LOS ANGELES — Former three-time Olympic high-jumper Dwight Stones visits the students at South Gate High five times a year to talk – not so much about his life but more about theirs.
He tells the ninth-graders he is worried about their fatty-food diets that put them at risk of obesity, diabetes and other health problems. He says he is concerned about how little some of them exercise.
Stones, 60, of Foothill Ranch, Calif., made his first trip of this school year in November. About 100 students listened from the gymnasium’s bleachers, most teenagers looking restless, drifting in attention and wiggling anxiously in their physical education T-shirts and shorts.
Stones, a father of two, understands children. He knows he won’t get through to everyone. But he hopes to reach just one student with his message about the importance of a healthy diet and physical fitness.
It’s a leap, he knows, perhaps the most challenging leap for the still-fit, still-outspoken, 6-foot-5 man who earned Olympic bronze medals in 1972 and 1976, set three world records and won 19 national championships in his 16-year career.
“There’s a lot going against us here because we’re talking about teenagers, a culture and often economics,” Stones said after his talk at the school on a fast-food restaurant-lined Firestone Boulevard.
“Out in the stands, maybe there was one kid who rolled out of bed this morning and was ready to hear what I have to say. Maybe he changes his life.”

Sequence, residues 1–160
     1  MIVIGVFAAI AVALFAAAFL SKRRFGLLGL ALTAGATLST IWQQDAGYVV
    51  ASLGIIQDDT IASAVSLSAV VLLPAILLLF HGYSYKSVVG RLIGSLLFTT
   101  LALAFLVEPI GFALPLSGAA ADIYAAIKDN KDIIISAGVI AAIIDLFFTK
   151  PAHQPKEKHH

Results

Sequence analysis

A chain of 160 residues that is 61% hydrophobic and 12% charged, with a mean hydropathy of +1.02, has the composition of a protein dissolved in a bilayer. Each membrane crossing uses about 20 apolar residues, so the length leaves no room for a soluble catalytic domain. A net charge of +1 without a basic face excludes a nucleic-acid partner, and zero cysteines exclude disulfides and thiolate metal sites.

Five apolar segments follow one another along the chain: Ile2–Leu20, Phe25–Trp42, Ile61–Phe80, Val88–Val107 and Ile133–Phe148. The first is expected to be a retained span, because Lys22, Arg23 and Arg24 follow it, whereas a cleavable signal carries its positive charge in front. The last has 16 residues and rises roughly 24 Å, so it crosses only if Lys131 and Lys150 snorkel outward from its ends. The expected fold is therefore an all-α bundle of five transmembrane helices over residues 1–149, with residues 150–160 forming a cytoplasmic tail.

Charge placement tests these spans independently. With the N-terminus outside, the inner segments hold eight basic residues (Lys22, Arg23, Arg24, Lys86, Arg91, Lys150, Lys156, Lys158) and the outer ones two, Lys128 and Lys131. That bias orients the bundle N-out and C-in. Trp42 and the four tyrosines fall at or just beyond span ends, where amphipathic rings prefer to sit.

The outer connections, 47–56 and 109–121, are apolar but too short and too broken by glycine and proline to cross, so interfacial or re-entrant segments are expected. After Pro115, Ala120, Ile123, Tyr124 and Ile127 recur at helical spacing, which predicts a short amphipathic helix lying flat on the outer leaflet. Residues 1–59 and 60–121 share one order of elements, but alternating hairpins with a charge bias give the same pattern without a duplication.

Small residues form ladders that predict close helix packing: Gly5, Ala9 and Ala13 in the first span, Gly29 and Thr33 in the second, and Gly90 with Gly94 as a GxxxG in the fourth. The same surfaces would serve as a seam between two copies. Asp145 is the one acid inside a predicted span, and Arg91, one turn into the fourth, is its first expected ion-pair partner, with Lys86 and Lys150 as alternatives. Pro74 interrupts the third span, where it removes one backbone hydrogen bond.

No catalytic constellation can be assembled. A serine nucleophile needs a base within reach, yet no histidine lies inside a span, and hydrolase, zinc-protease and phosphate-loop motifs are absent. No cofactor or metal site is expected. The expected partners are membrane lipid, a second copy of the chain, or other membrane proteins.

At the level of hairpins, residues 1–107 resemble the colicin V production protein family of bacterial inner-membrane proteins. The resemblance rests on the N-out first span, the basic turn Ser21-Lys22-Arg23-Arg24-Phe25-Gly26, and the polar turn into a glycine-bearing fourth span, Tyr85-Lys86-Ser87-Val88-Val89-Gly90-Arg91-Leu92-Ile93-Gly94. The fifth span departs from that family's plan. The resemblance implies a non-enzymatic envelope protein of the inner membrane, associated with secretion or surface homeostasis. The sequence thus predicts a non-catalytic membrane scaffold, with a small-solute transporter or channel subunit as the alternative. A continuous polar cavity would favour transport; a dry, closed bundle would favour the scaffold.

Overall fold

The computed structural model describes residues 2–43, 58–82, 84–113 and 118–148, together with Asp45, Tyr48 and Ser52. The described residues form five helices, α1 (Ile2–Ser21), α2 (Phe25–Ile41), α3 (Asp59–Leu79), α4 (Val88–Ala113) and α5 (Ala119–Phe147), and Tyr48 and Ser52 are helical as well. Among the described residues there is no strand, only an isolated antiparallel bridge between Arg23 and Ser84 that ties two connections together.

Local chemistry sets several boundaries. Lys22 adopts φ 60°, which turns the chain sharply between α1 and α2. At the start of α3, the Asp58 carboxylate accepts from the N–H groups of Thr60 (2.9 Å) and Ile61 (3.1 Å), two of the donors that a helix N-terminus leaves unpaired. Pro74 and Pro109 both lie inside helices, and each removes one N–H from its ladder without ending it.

Maybe. That’s the goal.
Stones is among 39 former U.S. Olympians and two Paralympians who have adopted 52 Los Angeles-area middle and high schools this school year as part of Ready, Set, Gold!, a mentoring program to promote fitness, nutrition and healthy living habits.
RSG was originally pitched as a community-service project in the Los Angeles bid to land the 2016 Summer Olympics. When the Olympics were awarded to Rio, the Southern California Committee for the Olympic Games still decided in Sept. 2006 to launch RSG, partnering with the Los Angeles Unified School District.
The program targets fifth-, seventh- and ninth-graders at schools in most need of improving their results in the state-mandated Fitnessgram. That’s the six-part test of trunk lifts, 90-degree pushups, modified pullups or flexed-arm hangs, sit-and-reaches, shoulder stretches and 1-mile runs that measures a student’s flexibility, body composition and aerobic capacity.
The results haven’t been pretty.
“There is a need because we’re seeing so many kids become overweight and sick, and it’s dangerous,” said SCCOG program director Bernadine Bednarz.
“At the same time, we have so many Olympians here in Southern California who can serve as role models and help kids in their own backyards have healthier lives.”
Fifteen medalists are involved, including RSG chair and 1984 Olympic gold-winning gymnast Peter Vidmar. All receive a small stipend from the program, which is largely funded by worldwide Olympic sponsor Samsung.
Olympians range in age from 21-year-old Rena Wang (badminton) to 81-year-old Michael O’Hara (volleyball). Three participants – O’Hara and Chuck Nelson in volleyball and Ulis Williams of the gold-medal winning 4x400-meter relay team – competed as far back as the 1964 Olympics in Tokyo.